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llama drama

spam trends

Periodically, I (like all the rest of you, probably), get annoying forwards (a "lesser-evil" kind of spam?) in my email inbox. I've noticed that it's usually the same small handful of acquaintances who generate about 80% of it, but aside from that, I got to wondering about the demographics of forwarding.

Most forwards are annoying because they take time to delete, and they tend to be recycled over and over and over. I generally only go to the trouble of responding to those Dire! Warning! forwards. You know the ones: they tell you not to do some obscure thing because some horrible fate will befall you if you do. (I'm not counting the "forward this message on to 10 people or you'll have bad luck for a year" rubbish. I mean the scams about the fake cops who will shoot and rob you if you pull over, or the kidney-stealing ring, or some offshore area code that will charge you $12,000 per minute if you call into it, etc.)

I think that most people who forward these messages around to their friends and family mean well, but they just haven't learned to be skeptical yet and they either don't know about Snopes and Hoaxbusters, or they don't know how to use them.

Early on, I used to send scathing replies to the sender (and copy everyone on the of-course-completely-exposed list of people who were sent the message) with a link to a correction from Snopes. That made some ruffled feathers and bad blood happen between me and the sender, which I had to apologize for. I have at this point learned that if I just post a non-accusatory info blurb update on the scare message, people aren't usually offended and they tend to appreciate not having to be scared about yet another random warning of oncoming doom.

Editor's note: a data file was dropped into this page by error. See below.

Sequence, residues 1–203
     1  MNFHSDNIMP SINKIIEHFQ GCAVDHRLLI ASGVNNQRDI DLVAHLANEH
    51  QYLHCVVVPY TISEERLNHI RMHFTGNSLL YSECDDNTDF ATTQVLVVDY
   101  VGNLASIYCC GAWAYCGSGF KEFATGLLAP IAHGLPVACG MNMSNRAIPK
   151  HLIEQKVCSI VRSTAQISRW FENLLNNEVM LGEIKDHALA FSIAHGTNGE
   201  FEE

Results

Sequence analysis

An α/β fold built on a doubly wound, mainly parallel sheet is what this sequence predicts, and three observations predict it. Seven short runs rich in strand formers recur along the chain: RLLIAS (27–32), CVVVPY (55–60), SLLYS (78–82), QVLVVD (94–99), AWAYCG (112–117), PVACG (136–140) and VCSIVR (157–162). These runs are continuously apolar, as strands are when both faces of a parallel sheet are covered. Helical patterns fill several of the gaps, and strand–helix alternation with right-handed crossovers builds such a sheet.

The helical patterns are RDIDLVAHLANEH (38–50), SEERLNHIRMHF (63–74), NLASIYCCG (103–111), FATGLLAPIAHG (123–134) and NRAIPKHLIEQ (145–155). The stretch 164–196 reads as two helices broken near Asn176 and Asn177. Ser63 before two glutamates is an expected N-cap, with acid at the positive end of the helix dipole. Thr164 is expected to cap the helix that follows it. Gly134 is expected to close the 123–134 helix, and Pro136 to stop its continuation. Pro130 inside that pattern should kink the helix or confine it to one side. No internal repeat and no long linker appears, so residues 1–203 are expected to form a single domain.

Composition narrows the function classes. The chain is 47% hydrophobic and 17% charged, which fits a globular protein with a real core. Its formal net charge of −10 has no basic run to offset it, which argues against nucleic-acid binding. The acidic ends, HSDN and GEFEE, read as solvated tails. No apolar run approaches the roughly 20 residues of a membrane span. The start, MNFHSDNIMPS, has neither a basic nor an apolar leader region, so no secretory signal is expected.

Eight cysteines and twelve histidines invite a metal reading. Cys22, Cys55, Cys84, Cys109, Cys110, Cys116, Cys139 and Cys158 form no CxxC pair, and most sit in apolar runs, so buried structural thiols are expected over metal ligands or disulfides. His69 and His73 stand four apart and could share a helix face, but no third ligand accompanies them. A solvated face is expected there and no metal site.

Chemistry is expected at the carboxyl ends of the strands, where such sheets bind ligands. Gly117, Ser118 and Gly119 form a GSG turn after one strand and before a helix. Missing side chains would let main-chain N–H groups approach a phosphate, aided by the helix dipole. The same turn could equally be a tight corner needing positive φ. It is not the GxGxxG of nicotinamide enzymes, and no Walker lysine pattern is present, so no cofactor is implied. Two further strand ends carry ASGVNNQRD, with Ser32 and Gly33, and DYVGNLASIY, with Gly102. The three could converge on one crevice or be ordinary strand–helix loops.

Returning to the demographics issue, I got to thinking recently about who I get the forwards from. Interestingly, I estimate that over 90% of the chain letters and dire warnings and saccharine "Christian/inspirational" forwards that I get come from people who are in my parents' generation or older. I wonder if the younger generation online just isn't taken in quite as easily because they're accustomed to having their email inboxes filled with spam and they know to mostly ignore it. Or is it that I don't have enough teenage friends?

What's everybody else's experience regarding this?

Comments

Re: Spam / thanks

I don't know if I've mastered the assertive-but-not-condescending tone, but my responses now generally go something like this: "Just a note about this safety warning: <this> is true, <this> is misleading. For more info, check out <Snopes link>. Snopes/Hoaxbusters/etc. is a great site for checking out warnings and stories." Minimizes the information, doesn't outright attack the original sender.